On Tuesday 25 November 2003 05:47 pm, Sean E Russell wrote:
> I know what you mean.  I tend to want to scope things up when using irb;
> that bites me all the time.  However, @ resolves ambiguity:
>
> If we don't have @, then:
>
> class Foo
> 	a = "blah"
> 	def bar
> 		a = 1 + 1
> 	end
> end
>
> What would "a" be?  In this trivial case, it may not be a problem.  But in
> a large class, with a lot of methods, the odds of overriding some instance
> variable has a great potential to introduce bugs. 

Honestly, I have always felt funny about

  @a = a      (Get shivers just looking at it.)

And I avoid it like the plague for everything execept assignments in def 
initialize. You are no doubt correct though, name clashing would have to be 
considered on a larger scale, though we generally already do so, since many 
instance variables are attr methods. In which case local varaible gets 
precedence. To avoid?

  self.a

For an instance variable? That would mean a was a method. And I would say, in 
a way, it is: It is the attribute reader/writer "method" for the instance 
variable. This would mean you'd no longer need to do attr_accessor, 
attr_reader, etc. You might think that this means you could no longer define 
alternate accessor methods OF THE SAME NAME, but with the addition of method 
wrapping this problem is solved. Plus, you can still use specialized names 
for such methods. It also means that internal class code accesses instance 
variables in the same manner as external code. Like defining an accessor and 
using self.a/self.a= everywhere. In fact there was discussion of this, way 
back when, over whether internal code should always use accessors. Of course, 
we must also take into consideration access control. This is easily solved 
using the same means used for regular methods: public, protected, private.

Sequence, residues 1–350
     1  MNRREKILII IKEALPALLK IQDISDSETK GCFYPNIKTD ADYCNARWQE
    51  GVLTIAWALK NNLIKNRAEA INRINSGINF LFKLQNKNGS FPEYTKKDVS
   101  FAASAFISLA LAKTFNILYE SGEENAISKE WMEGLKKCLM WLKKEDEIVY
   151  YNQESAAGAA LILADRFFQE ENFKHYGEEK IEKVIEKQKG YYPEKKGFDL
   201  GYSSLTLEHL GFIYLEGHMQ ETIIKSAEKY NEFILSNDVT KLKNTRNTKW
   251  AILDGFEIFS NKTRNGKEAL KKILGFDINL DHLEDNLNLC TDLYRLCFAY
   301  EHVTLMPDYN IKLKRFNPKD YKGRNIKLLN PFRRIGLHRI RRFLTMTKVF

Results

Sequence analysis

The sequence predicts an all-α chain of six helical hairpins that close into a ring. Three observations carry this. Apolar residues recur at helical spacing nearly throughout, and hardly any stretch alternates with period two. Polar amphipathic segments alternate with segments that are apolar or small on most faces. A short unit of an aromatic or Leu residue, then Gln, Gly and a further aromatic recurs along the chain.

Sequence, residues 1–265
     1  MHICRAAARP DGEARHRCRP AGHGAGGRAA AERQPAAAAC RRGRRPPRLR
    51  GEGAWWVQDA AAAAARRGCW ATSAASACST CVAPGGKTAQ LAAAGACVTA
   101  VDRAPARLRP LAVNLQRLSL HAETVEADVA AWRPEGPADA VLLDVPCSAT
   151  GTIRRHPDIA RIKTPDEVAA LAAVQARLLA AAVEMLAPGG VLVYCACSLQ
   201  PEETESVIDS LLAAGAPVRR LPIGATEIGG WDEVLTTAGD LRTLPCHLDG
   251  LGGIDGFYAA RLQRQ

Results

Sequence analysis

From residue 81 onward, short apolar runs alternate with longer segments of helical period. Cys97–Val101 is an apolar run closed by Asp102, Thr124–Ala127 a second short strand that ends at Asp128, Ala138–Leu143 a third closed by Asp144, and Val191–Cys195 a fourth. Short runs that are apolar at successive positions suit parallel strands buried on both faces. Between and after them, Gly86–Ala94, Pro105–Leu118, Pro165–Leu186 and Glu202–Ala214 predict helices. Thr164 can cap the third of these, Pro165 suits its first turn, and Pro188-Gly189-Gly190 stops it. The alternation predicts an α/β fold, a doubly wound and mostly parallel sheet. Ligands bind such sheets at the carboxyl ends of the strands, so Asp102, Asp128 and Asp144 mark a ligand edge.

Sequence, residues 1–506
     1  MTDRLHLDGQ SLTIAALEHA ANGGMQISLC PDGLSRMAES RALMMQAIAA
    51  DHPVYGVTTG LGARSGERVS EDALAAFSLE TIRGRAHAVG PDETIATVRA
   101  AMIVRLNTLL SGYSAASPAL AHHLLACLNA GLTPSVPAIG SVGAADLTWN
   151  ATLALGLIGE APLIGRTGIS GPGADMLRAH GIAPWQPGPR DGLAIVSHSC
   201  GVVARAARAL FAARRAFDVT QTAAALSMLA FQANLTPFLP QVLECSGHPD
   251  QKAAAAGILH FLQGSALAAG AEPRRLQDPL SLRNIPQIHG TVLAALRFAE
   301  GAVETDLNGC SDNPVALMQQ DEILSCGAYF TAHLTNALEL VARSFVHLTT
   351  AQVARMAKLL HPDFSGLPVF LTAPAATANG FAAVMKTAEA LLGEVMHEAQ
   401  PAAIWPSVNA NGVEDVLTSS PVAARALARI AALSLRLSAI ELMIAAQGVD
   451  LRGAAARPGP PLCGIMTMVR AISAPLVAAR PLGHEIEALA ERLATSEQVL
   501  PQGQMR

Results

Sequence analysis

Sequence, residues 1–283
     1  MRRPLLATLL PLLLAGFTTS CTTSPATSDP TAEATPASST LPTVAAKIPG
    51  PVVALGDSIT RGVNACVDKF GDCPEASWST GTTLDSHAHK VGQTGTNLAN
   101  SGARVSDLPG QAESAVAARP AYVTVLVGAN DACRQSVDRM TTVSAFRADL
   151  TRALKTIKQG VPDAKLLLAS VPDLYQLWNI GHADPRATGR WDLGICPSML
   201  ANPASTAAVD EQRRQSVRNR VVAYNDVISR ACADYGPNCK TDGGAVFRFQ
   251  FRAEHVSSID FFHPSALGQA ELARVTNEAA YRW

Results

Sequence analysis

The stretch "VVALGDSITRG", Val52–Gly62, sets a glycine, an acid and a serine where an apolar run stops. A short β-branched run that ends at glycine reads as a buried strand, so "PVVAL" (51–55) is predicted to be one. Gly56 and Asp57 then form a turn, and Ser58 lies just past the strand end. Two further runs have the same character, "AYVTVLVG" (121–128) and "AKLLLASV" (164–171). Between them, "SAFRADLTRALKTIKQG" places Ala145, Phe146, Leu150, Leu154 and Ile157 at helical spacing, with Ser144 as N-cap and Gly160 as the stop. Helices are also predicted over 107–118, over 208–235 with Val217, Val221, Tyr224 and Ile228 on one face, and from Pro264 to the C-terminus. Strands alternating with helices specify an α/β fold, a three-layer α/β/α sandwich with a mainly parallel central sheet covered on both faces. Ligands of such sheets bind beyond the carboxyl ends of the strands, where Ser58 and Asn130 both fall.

You also get the upside of getting programmers to use slightly longer more 
descriptive names to avoid the local clash. I use rather long names, myself, 
for everything except the occasional iterator var. Obviosly the down side is 
that the @ is no longer there to immediately give away that it is an instance 
variable rather then a local varible, but we already deal with this in 
connection wih methods and local vars. Actually one of the neat things this 
allows, is to treat @ as simple sugar, such that @a is same as self.a.

> Also, how would you
> declare an instance variable in a method?
>
> def Foo
> 	def bar
> 		a = "Foo"  # I want "a" to be an instance variable
> 		b = "Bar"  # I don't want "b" to be an instance variable
> 	end
> end

Again,

  self.a  = "Foo"

BTW: If your interested in wraps, I've work up a detailed RCR candidate at:

  http://www.rubygarden.org/ruby?AspectOrientedRuby

Sure would appreciate it if others took a gander.

-t0

P.S. I can see David's stomach turning now. I imagine he feels this dosen't 
belong here. We'll okay. I certainly don't wish to offend David. But I feel 
there's somewhat of a disconnect between our mailing lists. This subject 
matter dosen't seem to fit well anywhere. On the regular list it tends to be 
ignored, here accused of impertinence, and obviously it does not belong on 
dev. So perhaps we need another list? ruby-muse? ruby-tech? Either that, or 
we should allow such disccusions here to compliment the more specific "code 
works".

Thoughts?